Christie’s is about to auction as a Vermeer a painting of the early Christian St. Praxedis, who distinguished herself by conserving the body parts of martyrs. In doing so, the auction house braves the dismissal of the Vermeer attribution by nearly all experts in the field. Schwartz is convinced that Christie’s is right and they’re wrong. Continue reading “332 Vermeer’s blood-sopping saint”
Connoisseurship: l’oeil, la raison et l’instrument, ed. Patrick Michel, Paris (Ecole du Louvre) 2014, pp. 229-37.
Open pdf (663 kB) at Connoisseurship Schwartz
The Rembrandt Research Project had everything going for it when it set out in 1968 to examine the authorship of all the paintings seriously attributed to the master. However, by 1991, after publishing three massive volumes covering half of Rembrandt’s career, it ran out of steam and four of the five members quit the project. The remaining member, Ernst van de Wetering, took it over, admitting that vols. 1-3 were a failure. Schwartz asks why and suggests that the fault lay less with the members of the project than with the impossible pretensions of connoisseurship itself.
The Van Gogh Museum has put on display a painting by van Gogh of the plains below the ruins of the abbey of Montmajour. The museum calls it a “new discovery,” although it has known the painting for 22 years and in the past rejected its authenticity. The Van Gogh is not telling us as much as it should. Continue reading “327 Van Gogh painting newly rediscovered again”
Rembrandt’s Dürer is the text of a talk delivered by Gary Schwartz on 9 March 2013 at the opening of a sales exhibition of work on paper by both artists at Christopher-Clark Fine Art, 377 Geary Street, San Francisco. These pages are from a printed brochure produced by the gallery.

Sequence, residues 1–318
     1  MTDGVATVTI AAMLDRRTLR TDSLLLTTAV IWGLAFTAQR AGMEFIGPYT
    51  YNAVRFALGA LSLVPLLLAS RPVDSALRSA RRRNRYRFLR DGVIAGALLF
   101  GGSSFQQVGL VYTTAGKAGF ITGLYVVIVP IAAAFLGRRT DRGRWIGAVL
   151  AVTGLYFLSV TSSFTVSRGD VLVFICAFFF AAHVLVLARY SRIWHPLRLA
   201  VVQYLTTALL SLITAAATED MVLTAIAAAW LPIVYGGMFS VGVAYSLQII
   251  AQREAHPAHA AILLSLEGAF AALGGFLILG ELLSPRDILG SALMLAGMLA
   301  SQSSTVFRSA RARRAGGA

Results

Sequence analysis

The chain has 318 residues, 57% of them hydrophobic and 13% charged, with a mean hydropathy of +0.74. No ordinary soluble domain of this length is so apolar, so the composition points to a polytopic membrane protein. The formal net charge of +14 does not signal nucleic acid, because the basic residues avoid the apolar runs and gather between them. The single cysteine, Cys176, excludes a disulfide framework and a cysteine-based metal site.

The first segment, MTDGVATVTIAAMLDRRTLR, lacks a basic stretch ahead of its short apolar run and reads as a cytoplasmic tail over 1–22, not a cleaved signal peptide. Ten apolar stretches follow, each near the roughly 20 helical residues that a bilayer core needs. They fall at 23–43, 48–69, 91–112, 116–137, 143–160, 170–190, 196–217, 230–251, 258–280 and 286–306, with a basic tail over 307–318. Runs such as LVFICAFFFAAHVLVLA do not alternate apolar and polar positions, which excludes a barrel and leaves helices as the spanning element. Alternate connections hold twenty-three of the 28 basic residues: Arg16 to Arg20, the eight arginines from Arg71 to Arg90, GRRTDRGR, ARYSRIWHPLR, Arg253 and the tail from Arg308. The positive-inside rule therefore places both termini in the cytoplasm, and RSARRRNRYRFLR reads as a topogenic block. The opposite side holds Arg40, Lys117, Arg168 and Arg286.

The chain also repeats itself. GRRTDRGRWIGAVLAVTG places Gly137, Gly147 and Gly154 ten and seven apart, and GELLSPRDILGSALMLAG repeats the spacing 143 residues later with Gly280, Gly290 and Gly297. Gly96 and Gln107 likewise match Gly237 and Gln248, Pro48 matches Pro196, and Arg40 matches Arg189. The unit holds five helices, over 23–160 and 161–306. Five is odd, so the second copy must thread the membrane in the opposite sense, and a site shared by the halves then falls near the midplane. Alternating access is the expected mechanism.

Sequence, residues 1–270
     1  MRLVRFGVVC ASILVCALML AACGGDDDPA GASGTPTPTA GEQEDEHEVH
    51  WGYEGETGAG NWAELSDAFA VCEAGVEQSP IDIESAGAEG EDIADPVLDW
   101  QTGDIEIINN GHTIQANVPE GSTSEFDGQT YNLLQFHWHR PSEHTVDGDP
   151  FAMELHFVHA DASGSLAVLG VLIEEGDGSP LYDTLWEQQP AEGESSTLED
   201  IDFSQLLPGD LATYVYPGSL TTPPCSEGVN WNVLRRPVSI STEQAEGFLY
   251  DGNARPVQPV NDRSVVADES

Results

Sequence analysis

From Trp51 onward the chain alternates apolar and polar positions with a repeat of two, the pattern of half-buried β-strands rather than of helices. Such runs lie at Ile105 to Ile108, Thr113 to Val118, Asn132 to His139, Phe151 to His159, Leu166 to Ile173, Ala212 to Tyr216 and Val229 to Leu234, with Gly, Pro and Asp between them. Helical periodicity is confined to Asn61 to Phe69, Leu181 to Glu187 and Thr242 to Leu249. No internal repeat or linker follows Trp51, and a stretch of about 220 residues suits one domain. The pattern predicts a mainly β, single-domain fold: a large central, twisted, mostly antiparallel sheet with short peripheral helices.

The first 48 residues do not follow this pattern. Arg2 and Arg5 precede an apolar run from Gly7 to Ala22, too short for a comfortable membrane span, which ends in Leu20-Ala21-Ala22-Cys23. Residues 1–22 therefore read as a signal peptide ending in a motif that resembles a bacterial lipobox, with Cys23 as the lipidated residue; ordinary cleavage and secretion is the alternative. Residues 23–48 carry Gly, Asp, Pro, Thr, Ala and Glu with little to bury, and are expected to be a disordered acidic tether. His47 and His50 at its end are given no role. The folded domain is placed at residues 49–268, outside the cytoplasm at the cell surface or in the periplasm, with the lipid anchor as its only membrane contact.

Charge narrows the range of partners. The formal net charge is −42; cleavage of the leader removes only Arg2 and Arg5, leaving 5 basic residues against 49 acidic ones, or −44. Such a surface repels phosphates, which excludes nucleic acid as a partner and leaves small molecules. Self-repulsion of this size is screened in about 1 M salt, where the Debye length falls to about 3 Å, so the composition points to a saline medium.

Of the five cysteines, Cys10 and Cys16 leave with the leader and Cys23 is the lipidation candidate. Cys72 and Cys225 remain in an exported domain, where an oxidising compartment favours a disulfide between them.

The emergence of an unknown painting with a close resemblance to an engraving said to reproduce a painting by Rembrandt brings a host of associated images, objects and persons into play. Continue reading “323 The Rákóczy identity”
Cultural pessimists who are sure of the ongoing decline in our appreciation for art will have no choice, after reading Schwartzlist 321, but to change their tune if not their mind. Continue reading “321 Rembrandt, Rubens, the Beau Sancy and the Jew”
The world press has announced that a painting of an old man in Woburn Abbey, England, has been newly discovered to be an authentic Rembrandt. Schwartz, who included the painting in his book on Rembrandt of 1984, as have all other cataloguers of Rembrandt paintings from 1836 on, is incensed that the abbey practices such flagrant spin, and that the press feeds it to us so uncritically. Continue reading “319 Chopped liver at Woburn Abbey”
Pieter Saenredam documented his own art so well in inscriptions on his paintings and drawings that even lost work can often be identified. Now, however, a completely unknown composition has turned up, a view of the artist’s birthplace – even the house in which he grew up – in a touchingly personal painting. Continue reading “316 Pieter Saenredam comes home again (with Marten Jan Bok)”
Gary Schwartz, “Rembrandt: ‘Connoisseurship’ et érudition,” Revue de l’Art 42 (1978), pp. 100-06
Gary Schwartz, “The clones make the master: Rembrandt in 1650,” in: Horizonte: Beiträge zu Kunst und Kunstwissenschaft | Horizons: essais sur l’art et sur son histoire | orizzonti: saggi sull’arte e sulla storia dell’arte | Horizons: essays on art and art research, Zürich (Schweizerisches Institut für Kunstwissenschaft) and Ostfildern-Ruit, Germany (Hatje Cantz) 2001, pp. 53-64
Horizonte is a volume of studies published to mark the 50th anniversary of the Schweizerisches Institut für Kunstwissenschaft (Swiss Institute for Art Research). The article deals with unacknowledged ambiguities in our understanding of Rembrandt.